#13
  14. Tom Crispin

    Simon Brooke Guest

    Not sure I agree, Pete. Not only do cyclists on the footway make life
    more hazardous for legitimate users of the footway, according to US
    research it's also more hazardous for the cyclists themselves - a
    cyclist forced off the footway by, e.g., pedestrians or a dog joins
    the road unexpectedly and without warning for nearby motorists.
    True.

    In any case, this is an education issue - understanding how to use a
    public road is a key life skill.

    --
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    Simon Brooke, Jan 22, 2011
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  15. Tom Crispin

    Peter Clinch Guest

    Though I did say "give way to", not "get off the pavement for".
    That would need to be part of the education process too, of course.
    It should be drummed in alongside Green Cross Code that you
    *never* go on to the road without looking for it being clear.

    The road is only safer if you know the rules, and appearing on it
    suddenly and unannounced breaks those rules.
    Indeedy.

    Pete.
     
    Peter Clinch, Jan 22, 2011
    #15
  16. Tom Crispin

    alan.holmes Guest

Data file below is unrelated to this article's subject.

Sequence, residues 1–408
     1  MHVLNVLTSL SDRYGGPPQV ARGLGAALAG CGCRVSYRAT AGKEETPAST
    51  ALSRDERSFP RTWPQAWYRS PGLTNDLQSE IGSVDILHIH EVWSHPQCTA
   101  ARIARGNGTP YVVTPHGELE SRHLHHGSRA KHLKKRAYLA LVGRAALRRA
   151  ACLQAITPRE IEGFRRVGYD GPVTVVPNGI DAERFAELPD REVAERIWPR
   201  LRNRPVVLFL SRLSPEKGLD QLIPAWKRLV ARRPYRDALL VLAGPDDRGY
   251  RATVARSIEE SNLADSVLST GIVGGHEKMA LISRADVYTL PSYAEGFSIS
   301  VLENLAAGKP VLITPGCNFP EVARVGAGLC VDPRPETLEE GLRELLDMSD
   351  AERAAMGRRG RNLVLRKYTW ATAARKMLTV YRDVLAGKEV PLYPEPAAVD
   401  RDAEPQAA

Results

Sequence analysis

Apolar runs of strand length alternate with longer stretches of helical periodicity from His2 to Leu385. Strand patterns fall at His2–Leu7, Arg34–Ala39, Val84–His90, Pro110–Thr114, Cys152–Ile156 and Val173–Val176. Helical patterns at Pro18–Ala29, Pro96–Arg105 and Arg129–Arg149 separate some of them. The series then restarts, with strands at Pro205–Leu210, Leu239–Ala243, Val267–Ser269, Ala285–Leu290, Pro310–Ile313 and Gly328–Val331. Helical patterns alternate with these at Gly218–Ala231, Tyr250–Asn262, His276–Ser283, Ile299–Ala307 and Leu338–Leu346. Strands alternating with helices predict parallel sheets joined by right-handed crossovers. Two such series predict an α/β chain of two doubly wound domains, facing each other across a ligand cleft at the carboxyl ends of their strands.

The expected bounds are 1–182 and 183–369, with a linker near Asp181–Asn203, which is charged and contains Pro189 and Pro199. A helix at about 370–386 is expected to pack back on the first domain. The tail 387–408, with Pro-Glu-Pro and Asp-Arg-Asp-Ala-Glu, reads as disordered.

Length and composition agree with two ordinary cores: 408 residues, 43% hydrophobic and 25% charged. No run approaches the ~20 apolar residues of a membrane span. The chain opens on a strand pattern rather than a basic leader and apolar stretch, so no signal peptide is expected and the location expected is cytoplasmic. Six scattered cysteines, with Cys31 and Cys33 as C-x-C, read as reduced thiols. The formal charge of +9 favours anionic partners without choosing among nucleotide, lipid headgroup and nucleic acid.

I haven't seen a penny farthing for years!

    Alan
     
    alan.holmes, Jan 22, 2011
    #16
  17. Tom Crispin

    alan.holmes Guest

    I would cycle on the pavement in heavy traffic as the risks to my safety are
    greater on the road, with potholes and sunken drains which means you have to
    move out into the front of traffic which is not aware of the dangers to
    cyclists!

    Aan

     
    alan.holmes, Jan 22, 2011
    #17
  18. Tom Crispin

    Tony Raven Guest

    Well there are bits of the footway that councils (and the Highway Code)
    want them and us to use and those they and we are not supposed to use.
    So all your 12 year old needs to know is which are which. To see how
    easy a task that is for 12 year old kids, have a go yourself with this
    little test:
    http://www.flickr.com/photos/[email protected]/sets/72157625534207236/detail/

    Tony
     
    Tony Raven, Jan 22, 2011
    #18
  19. Tom Crispin

    alan.holmes Guest

    Nowhere near as dangerous as cycling on the road in some areas!

    Alan
     
    alan.holmes, Jan 22, 2011
    #19
  20. Tom Crispin

    Martin Guest


    Photo 6 is interesting. It contains a bus lane which ends at a set of
    traffic lights, with sensors that detect when a bus approaches, letting
    the bus through, and stopping the rest of the traffic. They seem to be
    getting more common around Bristol.

    Another example, http://tinyurl.com/6kzdfcs with a picture of marmite to
    the first person to get the cycling reference without adjusting the picture.

    I am undecided how to handle these when cycling in the bus lane.
    Currently I pull out into the standard lane, and continue with the cars,
    which involves crossing the solid white line. The other option is to use
    the bus lane, and hope the lights detect my bike, but don't go through
    the phase too quickly, so that I hit the red. I tried following a bus
    through on one the other day, and the green phase was so short the
    lights were red when I arrived.

    Martin.
     
    Martin, Jan 22, 2011
    #20